Dying Not Dead

We have a small collection of potted orchids in our home. These same plants have lived with us for nearly a decade, give or take. But no one’s been counting. If I’m honest, I must admit that I think of our orchids exactly twice a year.

The first time is usually when the plant is in full floral regalia. Completely amazed as to how or when it happened, I am enraptured and in love. Every bud is in bloom, hovering and outstretched toward the sun, delicate and complex, an olive branch for life.

The second time I notice these plants is when they are withered and bare. Where once there was a flowering cascade now lies a mound of dirt. The pot contains a rigid straight-back stem. No flowers. No colors. Just a single limp leaf. That is all. This sight grabs hold of me. I think, look here. Death has perched itself in this corner with little hope for survival. In an act of kindness, there’s only one thing left to do. Toss the dirt and repurpose the pot.

But I never win my case. My husband always points out the one little green sprout poking through the moss or the juicy nectar drop at the tip of the leaf or the spot just there where the flowers fell a few days ago. He reminds me in his gentle way that the plant is just transitioning. That strange, sickly looking orchid is very much alive and well.

I realized that my view of the orchids exposed the thought  -- dying is the same as death. But here, a different idea prevailed. Dying was not the same as death. Dying was a transition. Not the absence of life but the movement of life. Even if I seem to always compare the orchid’s beauty to its barrenness and decide its fate, the plant pays me no mind. She withers up then blossoms again and again. And then it becomes apparent -- the big mysteries of life are seldom understood through comparison but through inquiry. Winter does not measure itself by the heat of summer nor the bounty of fall. Winter has her own temperament, her own song, her own chilly celebration of life. If we pay attention, if we look and then look again, the answers come in the most unexpected ways. It's a sobering reminder. Life gives us just what we need to grow.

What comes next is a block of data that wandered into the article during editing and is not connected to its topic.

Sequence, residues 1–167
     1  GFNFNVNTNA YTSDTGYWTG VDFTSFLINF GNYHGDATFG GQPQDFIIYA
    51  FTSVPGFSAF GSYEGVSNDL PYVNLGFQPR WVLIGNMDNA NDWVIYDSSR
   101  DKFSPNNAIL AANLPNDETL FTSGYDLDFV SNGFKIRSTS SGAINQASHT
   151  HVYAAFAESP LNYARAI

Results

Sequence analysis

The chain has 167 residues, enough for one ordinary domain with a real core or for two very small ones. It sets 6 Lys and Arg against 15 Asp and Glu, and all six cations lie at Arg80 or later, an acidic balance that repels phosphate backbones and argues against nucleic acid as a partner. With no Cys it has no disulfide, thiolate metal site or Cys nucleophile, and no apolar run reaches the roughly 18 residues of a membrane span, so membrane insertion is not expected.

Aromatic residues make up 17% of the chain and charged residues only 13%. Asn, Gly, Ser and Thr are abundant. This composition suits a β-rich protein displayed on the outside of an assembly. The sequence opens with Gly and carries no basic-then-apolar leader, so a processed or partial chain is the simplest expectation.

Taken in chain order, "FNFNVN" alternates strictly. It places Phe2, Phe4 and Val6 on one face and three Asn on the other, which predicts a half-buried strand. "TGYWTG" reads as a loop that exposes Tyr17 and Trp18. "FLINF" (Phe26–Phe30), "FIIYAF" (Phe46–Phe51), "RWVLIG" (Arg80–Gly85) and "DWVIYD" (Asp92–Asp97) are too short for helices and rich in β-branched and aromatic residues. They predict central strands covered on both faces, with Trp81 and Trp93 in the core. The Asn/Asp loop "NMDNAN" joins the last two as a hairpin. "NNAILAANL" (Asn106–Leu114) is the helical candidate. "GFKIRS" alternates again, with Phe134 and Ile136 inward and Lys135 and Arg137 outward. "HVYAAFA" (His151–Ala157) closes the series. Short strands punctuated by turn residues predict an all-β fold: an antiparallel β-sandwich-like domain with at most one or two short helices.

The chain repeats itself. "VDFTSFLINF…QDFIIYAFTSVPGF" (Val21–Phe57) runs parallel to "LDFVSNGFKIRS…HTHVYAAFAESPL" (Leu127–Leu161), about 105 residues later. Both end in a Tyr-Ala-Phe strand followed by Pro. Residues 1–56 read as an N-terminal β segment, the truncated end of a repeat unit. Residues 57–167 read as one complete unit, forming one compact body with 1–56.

In the natural world, when we ask then witness the world around us, we can sometimes receive an insight, a glimpse into what it means to be, how to live and die well. Whatever burning questions are in us – what does it mean to grow old, how can I ever really love, what does it mean to trust the unknown -- the essence of these questions reverberate in gardens, throughout the animal kingdom and in the stars, the moon, and all the elements.

While it may seem that the only way to really discover these treasures is to close our bank accounts, live on the land and channel Thoreau, we can still learn to cultivate that deep listening in our own busy lives at work, in our home, while caring for the kids or cooking for the in-laws. We can train ourselves to see the beauty of transition and the living within the dying.

How? There’s a lot of ways to converse with the universe. But one good place to start is to simply figure out your question. If you could receive the answer to one thing in your life – what would you ask? Once you have the question --- hold the question. While we may think the answers come as a response to the question, be willing to be surprised as to how the universe speaks to you. Go to parks. Get lost on a hike. Sit still. Put down your phone. Bathe. Listen to your breath like you would a symphony. Watch the light of a candle dance. Notice the steam rising from your tea. Go on retreat. Slow down. Become the question and everywhere you go, look and look and look again.


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